There are increasing numbers of people dissatisfied with the provision made for them by family members within their wills. More and more people are looking to challenge wills. But the vast majority of wills still pass through the probate process without any problems. Wills may be challenged in certain limited circumstances. These include where:
The will is not validly executed, for example, the will was not signed or acknowledged in the presence of a minimum of two witnesses who were present at the same time.
- The will was made as a result of undue influence, coercion or duress.
- The person making the will lacked the necessary mental capacity.
If a will is "set aside" (ie the current will is deemed to be invalid) then the deceased's estate will be distributed under any previous valid will. If there is no previous will then the estate would be distributed pursuant to the intestacy rules, which set out a strict order for distribution to family members. Therefore before you try to challenge a will it is necessary to consider what will happen to the estate if you are successful. What are the provisions of any previous will? Will your receive any benefit under the intestacy rules?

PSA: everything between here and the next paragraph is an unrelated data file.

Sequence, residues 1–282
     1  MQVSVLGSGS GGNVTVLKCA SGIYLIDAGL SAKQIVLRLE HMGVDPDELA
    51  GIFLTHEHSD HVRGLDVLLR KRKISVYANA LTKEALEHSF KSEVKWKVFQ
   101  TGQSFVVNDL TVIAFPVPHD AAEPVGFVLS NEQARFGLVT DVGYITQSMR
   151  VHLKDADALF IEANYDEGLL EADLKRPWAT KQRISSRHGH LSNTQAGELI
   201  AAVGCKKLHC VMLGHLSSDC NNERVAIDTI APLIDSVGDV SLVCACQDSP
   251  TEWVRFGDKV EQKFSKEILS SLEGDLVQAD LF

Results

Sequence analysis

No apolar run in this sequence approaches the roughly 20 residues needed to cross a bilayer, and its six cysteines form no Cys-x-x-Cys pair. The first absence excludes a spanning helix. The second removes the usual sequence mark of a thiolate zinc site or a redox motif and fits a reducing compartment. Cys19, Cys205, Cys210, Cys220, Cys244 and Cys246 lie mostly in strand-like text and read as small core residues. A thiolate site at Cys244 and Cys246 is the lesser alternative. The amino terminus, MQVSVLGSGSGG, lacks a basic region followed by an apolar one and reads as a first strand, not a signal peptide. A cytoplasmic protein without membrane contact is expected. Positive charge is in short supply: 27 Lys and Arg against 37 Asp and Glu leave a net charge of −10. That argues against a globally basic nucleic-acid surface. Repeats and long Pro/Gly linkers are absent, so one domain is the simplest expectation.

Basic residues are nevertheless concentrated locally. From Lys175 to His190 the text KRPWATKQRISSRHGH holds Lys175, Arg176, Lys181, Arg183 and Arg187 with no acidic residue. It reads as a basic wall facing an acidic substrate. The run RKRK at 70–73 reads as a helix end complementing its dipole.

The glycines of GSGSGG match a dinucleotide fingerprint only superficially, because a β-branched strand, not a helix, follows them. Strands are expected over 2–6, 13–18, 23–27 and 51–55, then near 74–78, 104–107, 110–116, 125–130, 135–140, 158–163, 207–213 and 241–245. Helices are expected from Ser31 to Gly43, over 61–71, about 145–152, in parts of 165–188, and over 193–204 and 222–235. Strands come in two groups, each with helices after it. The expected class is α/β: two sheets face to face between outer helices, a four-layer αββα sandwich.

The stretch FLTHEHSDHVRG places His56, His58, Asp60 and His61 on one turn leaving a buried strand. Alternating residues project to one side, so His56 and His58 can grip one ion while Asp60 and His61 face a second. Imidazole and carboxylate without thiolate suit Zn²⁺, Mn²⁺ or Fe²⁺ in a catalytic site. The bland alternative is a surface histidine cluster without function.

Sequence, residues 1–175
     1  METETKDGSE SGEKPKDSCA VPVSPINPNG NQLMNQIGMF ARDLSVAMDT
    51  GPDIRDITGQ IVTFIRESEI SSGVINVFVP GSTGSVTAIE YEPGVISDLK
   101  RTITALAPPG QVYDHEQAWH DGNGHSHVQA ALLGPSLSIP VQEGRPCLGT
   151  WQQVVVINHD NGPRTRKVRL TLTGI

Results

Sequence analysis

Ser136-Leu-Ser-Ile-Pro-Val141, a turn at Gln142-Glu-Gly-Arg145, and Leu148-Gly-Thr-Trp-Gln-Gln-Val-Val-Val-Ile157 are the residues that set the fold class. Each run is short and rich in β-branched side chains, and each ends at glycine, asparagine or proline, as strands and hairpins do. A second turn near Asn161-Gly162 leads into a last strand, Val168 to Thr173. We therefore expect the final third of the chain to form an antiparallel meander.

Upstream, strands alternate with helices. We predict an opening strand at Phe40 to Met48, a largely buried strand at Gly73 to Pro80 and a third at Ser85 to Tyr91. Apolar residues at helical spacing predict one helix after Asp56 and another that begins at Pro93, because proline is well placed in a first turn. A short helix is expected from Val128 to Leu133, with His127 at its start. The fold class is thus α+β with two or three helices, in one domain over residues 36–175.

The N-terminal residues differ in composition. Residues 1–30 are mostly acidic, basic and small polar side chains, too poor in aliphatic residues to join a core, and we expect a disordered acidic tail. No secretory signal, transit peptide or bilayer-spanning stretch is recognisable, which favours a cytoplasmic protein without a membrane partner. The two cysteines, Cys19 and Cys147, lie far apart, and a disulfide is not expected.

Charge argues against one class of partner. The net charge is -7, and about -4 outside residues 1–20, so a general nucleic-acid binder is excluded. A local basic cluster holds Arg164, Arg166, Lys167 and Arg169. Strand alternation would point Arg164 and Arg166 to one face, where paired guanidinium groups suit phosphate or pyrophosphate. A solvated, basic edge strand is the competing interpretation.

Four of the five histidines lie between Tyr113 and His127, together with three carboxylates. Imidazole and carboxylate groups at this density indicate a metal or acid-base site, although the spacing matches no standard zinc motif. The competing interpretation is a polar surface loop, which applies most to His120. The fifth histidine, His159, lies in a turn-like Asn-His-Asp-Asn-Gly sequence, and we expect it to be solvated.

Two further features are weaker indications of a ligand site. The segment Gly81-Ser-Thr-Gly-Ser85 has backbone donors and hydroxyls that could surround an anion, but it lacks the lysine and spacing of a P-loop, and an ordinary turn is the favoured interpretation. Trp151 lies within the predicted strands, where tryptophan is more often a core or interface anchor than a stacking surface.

In the event a will cannot be challenged, or you will not benefit under a previous will or the intestacy rules, then it may still be possible to apply for reasonable financial provision under the Inheritance (Provision for Family & Dependants) Act 1975. Claims may be made by a number of parties including cohabitees and adult children. Such claims are never straightforward but can be pursued successfully in the right circumstances.
In the event you are not happy with the provision made for you under a will Gepp and Sons can help you to identify the options available to you. We will be able to advise you at an early stage whether you are able to attempt a challenge. We will also help you try to achieve the outcome you want in the most cost effective way possible.
This is not legal advice; it is intended to provide information of general interest about current legal issues.